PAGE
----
The last Malay invasion occurred in the historic period between 1380 and 1450, the time of the introduction of Mohammedanism. This in historic sequence immediately precedes the discovery of the Archipelago by the Spaniards in 1521; Mohammedanism at that time was widespread in the Archipelago. It is evident that there has been a successive series of invasions into the Philippines, chiefly through Malaysia, and that the Archipelago has been extensively colonized for a long time. Most of these invasions were in the prehistoric period, but early in the Christian era it is clear that civilized peoples in this part of the world were in communication with the Philippines.

The general character of Chinese influence in Malaysia was and is economic, rather than social or political. While political affairs have occupied some space in the accounts quoted above, it should not be forgotten that the main object of the Chinese was always trade, and that a thousand peaceful merchant vessels sailed into the southern seas for every one sent there on a political or warlike mission.

The Chinese obtained from the Filipinos not only such raw materials as yellow wax, cotton, pearls, tortoise-shells, betel-nuts, cocoanuts, and vegetables, but also jute fabrics (probably those woven from abaka, Manila hemp, as to-day), other woven goods of cotton, and fine mats. The Filipinos took in exchange porcelain, gold, iron, needles, vases for perfumes, lance-heads, articles of lead, silk parasols, black damask, and other silks. This was nearly three centuries before Magellan.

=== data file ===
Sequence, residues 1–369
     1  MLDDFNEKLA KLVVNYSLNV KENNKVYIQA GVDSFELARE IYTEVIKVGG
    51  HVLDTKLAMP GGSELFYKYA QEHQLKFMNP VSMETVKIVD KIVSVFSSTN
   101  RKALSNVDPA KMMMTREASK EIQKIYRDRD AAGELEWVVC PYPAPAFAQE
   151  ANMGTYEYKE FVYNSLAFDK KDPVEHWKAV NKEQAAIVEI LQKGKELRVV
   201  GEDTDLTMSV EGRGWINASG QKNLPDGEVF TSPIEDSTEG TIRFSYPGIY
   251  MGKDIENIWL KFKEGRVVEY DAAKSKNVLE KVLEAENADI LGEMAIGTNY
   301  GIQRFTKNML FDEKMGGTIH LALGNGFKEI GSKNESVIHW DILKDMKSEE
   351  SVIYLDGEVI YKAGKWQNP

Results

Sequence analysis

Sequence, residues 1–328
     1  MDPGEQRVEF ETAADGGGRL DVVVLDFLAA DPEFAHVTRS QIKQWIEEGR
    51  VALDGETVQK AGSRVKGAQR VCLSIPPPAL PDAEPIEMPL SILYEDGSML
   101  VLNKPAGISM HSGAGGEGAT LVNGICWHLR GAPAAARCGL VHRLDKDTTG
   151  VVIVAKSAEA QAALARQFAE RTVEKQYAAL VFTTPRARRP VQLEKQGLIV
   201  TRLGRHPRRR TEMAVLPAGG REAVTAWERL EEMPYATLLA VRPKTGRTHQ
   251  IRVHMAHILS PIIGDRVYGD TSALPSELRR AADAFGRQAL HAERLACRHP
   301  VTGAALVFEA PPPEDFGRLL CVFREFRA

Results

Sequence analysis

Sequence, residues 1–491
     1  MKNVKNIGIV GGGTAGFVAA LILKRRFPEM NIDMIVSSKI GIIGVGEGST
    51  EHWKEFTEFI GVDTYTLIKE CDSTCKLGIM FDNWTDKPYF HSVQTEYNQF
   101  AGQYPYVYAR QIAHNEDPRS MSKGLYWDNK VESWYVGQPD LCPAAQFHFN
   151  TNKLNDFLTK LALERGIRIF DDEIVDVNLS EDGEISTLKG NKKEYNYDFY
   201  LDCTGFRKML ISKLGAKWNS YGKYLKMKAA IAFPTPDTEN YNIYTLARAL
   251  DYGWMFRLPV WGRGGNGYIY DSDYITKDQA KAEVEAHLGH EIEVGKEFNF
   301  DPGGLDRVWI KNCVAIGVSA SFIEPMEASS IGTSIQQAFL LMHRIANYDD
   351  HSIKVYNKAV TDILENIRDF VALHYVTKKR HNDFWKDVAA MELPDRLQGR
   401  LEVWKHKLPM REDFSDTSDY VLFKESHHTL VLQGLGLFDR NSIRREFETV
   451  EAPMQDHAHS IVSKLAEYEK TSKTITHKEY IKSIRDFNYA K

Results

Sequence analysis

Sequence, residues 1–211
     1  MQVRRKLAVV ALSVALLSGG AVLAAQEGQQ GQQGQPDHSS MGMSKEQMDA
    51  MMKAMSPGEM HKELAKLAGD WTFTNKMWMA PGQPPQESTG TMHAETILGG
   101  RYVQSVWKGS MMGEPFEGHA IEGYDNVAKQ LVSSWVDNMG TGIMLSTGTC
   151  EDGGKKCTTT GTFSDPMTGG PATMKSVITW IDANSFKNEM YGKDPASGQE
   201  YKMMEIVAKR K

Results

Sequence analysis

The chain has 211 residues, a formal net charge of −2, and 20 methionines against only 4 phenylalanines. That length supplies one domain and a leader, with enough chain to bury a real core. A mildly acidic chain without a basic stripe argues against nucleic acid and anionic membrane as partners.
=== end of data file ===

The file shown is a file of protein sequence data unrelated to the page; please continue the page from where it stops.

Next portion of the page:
The basic unit of government was the "barangay," a term that derived its meaning from the Malay word "balangay," meaning, a boat, which transported them to these shores. The barangay was basically a family-based community and consisted of thirty to one hundred families. Each barangay was different and ruled by a chieftain called a "dato." It was the chieftain's duty to rule and govern his subjects and promote their welfare and interests. A chieftain had wide powers for he exercised all the functions of government. He was the executive, legislator and judge and was the supreme commander in time of war.

Pre-Spanish Filipinos learned of the manufacture and use of firearms from the Chinese. Guns of this type varied in length from six inches to fifteen feet. Iron, lead, gold and silver appear to have been derived by the natives chiefly from the Chinese, while brass, bronze, copper and tin came mainly from Indian sources. The art of mining these metals, and the implements and tools used in working them, among the Malays, appear to have had the same respective origins. Metal armor and some of the older types of weapons are probably Indian, while certain later weapons and the manufacture and use of firearms are Chinese.